Introduction

Traditional internship programs have long been an integral part of college engineering and engineering technology programs. These “traditional” internships involve students working directly with industry engineers, performing actual day-to-day “engineering” tasks in an industrial setting. These experiences provide students an opportunity to learn and develop skills in a setting that generally cannot be duplicated in the academic environment. In addition, graduates who complete an internship prior to graduation generally have a much more successful job hunting experience than those who do not complete an internship. According to the National Association of Colleges and Employers (NACE), 23 percent of graduates with internships had accepted jobs, where only 14 percent of graduates without internships had found jobs as of April 20091. Employers are confident that graduates have better communication skills and problem

Cook, K., & Adam, S., & Goeres, D., & Anderson, S., & Walker, D., & Cunningham, A. (2010, June), Implementing A Formal Collaborative Mechanical Engineering Technology Internship Program With Campus Research Activities Paper presented at 2010 Annual Conference & Exposition, Louisville, Kentucky. https://peer.asee.org/16591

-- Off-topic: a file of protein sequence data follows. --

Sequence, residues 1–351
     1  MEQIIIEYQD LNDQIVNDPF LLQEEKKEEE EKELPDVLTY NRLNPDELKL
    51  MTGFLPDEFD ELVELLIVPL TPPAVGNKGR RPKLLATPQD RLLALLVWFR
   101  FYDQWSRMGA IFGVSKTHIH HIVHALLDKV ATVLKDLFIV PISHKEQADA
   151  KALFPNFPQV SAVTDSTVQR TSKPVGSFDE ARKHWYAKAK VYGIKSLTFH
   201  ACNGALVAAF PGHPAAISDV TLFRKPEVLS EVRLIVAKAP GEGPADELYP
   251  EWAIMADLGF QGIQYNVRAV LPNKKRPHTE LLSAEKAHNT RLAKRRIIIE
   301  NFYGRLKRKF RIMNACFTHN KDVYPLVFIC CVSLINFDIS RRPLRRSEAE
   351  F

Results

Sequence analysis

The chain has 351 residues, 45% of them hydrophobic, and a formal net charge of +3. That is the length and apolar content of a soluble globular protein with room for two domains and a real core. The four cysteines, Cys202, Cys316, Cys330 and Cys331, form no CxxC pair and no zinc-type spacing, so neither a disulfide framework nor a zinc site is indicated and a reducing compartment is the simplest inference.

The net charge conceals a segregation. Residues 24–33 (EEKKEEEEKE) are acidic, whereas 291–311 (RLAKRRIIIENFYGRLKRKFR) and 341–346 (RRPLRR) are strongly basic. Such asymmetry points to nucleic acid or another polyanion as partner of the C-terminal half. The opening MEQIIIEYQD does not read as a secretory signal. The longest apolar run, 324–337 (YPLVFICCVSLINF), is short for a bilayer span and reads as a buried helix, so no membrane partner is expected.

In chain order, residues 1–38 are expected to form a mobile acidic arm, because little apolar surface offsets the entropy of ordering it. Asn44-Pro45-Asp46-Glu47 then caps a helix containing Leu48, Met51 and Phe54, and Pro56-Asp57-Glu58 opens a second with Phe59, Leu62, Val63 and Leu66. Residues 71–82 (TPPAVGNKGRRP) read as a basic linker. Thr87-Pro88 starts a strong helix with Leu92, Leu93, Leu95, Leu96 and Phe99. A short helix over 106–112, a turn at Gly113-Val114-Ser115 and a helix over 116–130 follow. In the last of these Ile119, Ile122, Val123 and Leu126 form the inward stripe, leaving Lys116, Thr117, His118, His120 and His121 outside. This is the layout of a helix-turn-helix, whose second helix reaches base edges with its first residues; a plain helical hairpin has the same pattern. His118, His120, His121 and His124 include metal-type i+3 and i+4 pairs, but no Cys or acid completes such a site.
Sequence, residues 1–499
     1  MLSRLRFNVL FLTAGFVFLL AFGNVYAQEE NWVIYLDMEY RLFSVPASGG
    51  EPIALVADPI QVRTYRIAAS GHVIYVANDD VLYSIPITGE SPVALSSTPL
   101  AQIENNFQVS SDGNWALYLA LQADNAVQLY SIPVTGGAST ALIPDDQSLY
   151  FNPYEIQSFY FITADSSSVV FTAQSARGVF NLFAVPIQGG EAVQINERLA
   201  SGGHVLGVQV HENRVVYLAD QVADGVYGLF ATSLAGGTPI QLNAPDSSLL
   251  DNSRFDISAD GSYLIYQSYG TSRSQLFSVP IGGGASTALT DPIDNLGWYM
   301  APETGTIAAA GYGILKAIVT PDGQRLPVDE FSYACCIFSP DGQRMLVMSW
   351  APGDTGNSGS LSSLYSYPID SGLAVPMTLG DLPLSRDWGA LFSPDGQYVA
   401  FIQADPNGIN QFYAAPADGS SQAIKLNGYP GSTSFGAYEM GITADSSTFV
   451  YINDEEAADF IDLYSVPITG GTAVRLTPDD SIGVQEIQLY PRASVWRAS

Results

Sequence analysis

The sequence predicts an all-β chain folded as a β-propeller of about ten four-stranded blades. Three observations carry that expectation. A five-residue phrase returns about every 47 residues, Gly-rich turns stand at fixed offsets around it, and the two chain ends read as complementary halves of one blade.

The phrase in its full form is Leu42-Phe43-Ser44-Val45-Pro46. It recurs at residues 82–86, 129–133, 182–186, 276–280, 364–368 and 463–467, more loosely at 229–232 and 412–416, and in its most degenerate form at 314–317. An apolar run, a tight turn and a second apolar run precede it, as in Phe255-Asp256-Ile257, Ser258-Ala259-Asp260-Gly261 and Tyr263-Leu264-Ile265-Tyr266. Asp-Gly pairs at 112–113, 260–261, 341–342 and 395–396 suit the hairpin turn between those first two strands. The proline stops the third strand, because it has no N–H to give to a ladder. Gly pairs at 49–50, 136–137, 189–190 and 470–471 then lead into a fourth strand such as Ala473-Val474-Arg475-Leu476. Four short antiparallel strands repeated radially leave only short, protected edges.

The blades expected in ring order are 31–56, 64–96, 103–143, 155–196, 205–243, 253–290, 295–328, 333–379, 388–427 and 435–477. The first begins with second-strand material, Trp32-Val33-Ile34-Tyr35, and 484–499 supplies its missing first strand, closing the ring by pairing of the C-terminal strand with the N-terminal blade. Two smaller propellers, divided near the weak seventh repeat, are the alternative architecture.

ASEE holds the copyright on this document. It may be read by the public free of charge. Authors may archive their work on personal websites or in institutional repositories with the following citation: © 2010 American Society for Engineering Education. Other scholars may excerpt or quote from these materials with the same citation. When excerpting or quoting from Conference Proceedings, authors should, in addition to noting the ASEE copyright, list all the original authors and their institutions and name the host city of the conference. - Last updated April 1, 2015